Tibetan calligraphy is an art of giving expressive form to script, through the strokes and configurations of horizontal and vertical lines. It is also an artistic impression of the spirit and style presented in the overall composition of a written piece.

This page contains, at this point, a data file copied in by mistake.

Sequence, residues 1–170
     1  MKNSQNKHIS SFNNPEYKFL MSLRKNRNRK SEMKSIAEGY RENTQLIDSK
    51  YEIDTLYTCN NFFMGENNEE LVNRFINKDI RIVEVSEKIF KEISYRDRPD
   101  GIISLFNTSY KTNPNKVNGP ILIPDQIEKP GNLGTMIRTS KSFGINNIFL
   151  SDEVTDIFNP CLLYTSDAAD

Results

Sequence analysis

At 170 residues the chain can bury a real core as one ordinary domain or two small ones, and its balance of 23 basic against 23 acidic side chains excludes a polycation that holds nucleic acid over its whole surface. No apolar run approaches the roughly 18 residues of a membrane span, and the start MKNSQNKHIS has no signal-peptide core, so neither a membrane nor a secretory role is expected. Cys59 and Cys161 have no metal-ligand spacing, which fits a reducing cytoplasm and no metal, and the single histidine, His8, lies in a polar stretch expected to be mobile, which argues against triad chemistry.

Tibetan written language is an alphabetic system with 30 consonants and 4 vowels. The earliest form of calligraphy is believed to be Tagzik Pungyik (a Persian-influenced writing) from the Zhang Zhung era 3,000 years ago. In the 7th century, the great scholar Thönmi Sambhota standardized Tibetan language and writing, which evolved into different styles. The major styles developed and popularized were Üchen, Ümed, Tsugyik, Druma, and Khyugyik. Chronologically, during the early Zhang Zhung period, the main calligraphic styles were Tagzik Pungyik, Marchen, and Marchung. During the Tsanpo period, there were eight different calligraphic styles in Üchen, and two styles (Dan and Lu) in Ümed. In the 10th century, the well-known calligrapher, Khyungpo Yutri, standardized the Üchen style, according to the metrics of a mandala. The Ümed style was further developed during the reigns of the fifth and thirteenth Dalai Lamas, while Druma and Khyugyik also flourished.